This study analyzes the relationship between Food Stamp Program (FSP) caseloads and the macroeconomy using annual State-level panel data for 1980-99. It is the first study to link the time-series properties of the data to an interpretation of public assistance program policy. A longrun relationship involving FSP caseload equation and the macroeconomy is estimated but requires that Aid to Families with Dependent Children/Temporary Assistance for Needy Families (AFDC/TANF) caseloads be included as an explanatory variable. The resulting equation that connects trends in the economy with the trend in FSP caseloads indicates that the economic expansion in the 1990s permanently lowered future FSP caseloads below what they would be otherwise. The potential for the economy to change the trend in FSP caseloads is in contrast to its role presented in previous studies in which the economic expansion of the 1990s is seen as causing only a temporary decrease in FSP caseloads that dies out over time. Tests of the estimated equation also indicate that the common practice of including year effects (annual dummy variables) or State-specific time trend in the FSP caseload equation may overcontrol for omitted variables. Instead, trends in the regressors should be allowed to explain the trend in FSP caseloads.

  • Nutrition and Health Characteristics of Low-Income Populations: Volume III, School-Age Children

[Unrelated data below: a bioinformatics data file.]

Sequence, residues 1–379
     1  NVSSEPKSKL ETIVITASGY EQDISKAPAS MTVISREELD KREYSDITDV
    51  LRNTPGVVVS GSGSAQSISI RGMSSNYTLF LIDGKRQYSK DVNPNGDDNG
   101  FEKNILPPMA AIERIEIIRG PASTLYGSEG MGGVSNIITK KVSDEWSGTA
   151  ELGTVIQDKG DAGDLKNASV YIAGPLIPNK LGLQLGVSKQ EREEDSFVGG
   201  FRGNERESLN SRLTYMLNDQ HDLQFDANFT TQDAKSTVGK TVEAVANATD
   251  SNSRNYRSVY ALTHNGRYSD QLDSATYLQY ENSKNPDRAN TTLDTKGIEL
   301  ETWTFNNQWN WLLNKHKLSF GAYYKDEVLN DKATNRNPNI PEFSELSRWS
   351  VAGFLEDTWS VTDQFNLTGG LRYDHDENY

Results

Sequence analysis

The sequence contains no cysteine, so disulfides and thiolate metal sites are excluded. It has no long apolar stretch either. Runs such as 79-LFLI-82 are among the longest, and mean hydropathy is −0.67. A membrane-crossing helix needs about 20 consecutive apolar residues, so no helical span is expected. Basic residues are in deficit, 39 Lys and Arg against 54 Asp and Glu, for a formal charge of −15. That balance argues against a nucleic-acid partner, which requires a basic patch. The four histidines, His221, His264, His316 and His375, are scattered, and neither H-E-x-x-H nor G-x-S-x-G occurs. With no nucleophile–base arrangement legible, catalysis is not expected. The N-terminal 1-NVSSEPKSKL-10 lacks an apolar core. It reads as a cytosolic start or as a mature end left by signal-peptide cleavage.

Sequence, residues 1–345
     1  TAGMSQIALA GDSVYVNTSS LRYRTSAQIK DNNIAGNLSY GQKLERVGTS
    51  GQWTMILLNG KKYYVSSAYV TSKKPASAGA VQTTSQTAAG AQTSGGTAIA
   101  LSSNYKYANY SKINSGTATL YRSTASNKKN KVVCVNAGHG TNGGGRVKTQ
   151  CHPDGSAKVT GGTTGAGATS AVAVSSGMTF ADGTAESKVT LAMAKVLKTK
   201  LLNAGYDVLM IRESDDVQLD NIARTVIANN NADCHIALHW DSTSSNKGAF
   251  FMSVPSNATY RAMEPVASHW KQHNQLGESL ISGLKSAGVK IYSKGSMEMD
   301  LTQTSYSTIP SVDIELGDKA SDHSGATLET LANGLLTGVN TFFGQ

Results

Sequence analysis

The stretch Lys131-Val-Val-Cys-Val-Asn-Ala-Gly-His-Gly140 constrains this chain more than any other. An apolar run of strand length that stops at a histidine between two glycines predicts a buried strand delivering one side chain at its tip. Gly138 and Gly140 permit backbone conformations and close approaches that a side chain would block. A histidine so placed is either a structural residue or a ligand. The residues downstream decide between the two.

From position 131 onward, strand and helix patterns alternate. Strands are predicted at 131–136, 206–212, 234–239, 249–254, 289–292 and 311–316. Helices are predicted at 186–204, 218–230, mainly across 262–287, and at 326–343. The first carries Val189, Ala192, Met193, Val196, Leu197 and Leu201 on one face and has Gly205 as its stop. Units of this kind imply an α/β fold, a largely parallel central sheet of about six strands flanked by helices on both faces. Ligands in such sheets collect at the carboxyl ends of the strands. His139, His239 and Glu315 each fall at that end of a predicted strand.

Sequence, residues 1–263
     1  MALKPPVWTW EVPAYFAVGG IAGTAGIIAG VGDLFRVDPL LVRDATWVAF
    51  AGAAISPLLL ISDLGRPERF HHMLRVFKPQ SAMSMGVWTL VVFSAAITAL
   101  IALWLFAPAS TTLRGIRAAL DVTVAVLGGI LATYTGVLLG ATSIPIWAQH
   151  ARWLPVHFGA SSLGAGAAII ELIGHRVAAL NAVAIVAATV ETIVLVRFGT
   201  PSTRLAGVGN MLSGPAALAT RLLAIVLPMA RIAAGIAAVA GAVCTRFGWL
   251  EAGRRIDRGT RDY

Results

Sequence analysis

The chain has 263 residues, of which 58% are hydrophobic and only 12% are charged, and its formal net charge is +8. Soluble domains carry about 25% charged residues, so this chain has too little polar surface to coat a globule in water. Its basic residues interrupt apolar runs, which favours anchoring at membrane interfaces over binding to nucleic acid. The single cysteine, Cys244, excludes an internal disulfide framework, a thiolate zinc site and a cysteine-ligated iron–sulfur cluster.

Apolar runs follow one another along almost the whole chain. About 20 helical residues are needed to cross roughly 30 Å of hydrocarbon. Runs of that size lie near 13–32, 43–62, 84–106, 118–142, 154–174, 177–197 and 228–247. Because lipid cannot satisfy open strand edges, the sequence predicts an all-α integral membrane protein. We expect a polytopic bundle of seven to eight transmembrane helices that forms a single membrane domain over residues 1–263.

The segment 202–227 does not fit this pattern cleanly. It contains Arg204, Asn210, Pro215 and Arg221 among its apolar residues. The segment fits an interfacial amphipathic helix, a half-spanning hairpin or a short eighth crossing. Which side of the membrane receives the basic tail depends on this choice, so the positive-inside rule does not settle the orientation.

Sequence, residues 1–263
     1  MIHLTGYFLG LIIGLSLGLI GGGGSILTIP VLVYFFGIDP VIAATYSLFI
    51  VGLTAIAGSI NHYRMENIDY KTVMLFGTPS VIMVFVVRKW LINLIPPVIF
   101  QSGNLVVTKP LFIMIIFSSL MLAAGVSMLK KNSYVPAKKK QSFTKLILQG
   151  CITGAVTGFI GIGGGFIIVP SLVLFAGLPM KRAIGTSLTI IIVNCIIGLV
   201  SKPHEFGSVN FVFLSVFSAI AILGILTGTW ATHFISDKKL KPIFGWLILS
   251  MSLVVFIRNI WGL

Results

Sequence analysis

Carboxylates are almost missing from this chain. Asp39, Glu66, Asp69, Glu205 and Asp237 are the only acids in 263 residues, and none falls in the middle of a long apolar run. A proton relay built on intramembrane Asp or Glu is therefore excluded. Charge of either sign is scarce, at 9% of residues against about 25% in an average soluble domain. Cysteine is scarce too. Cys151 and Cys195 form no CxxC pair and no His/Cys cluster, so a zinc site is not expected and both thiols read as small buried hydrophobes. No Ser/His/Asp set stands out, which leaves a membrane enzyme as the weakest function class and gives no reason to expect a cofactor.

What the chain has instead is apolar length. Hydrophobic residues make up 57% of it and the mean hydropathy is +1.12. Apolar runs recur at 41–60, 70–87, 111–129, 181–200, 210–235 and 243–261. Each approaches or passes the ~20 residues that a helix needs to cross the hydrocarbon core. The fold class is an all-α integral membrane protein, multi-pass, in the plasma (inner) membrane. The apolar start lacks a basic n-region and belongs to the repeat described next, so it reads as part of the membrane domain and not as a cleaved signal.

EFAN-04014-3, December 01, 2004

    Data from the Third National Health and Nutrition Examination Survey (NHANES-III), conducted in 1988-94, were used to compare the nutrition and health characteristics of the Nation's school-age children-boys and girls ages 5-18. Three groups of children were compared based on household income: income at or below 130 percent of poverty (lowest income), income between 131 and 185 percent of poverty (low income), and income above 185 percent of poverty (higher income). This research was designed to establish a baseline from which to monitor the nutrition and health characteristics of school-age children over time, particularly those in low-and lowest income groups.

  • Nutrition and Health Characteristics of Low-Income Populations: Volume IV, Older Adults

    EFAN-04014-4, December 01, 2004

    Data from the Third National Health and Nutrition Examination Survey (NHANES-III), conducted in 1988-94, were used to compare the nutrition and health characteristics of the Nation's older adults-men and women ages 60 years and older. Three groups of older adults were compared based on household income: income at or below 130 percent of poverty (lowest income), income between 131 and 185 percent of poverty (low income), and income above 185 percent of poverty (higher income). This research was designed to establish a baseline from which to monitor the nutrition and health characteristics of older Americans over time, particularly those in low- and lowest income groups.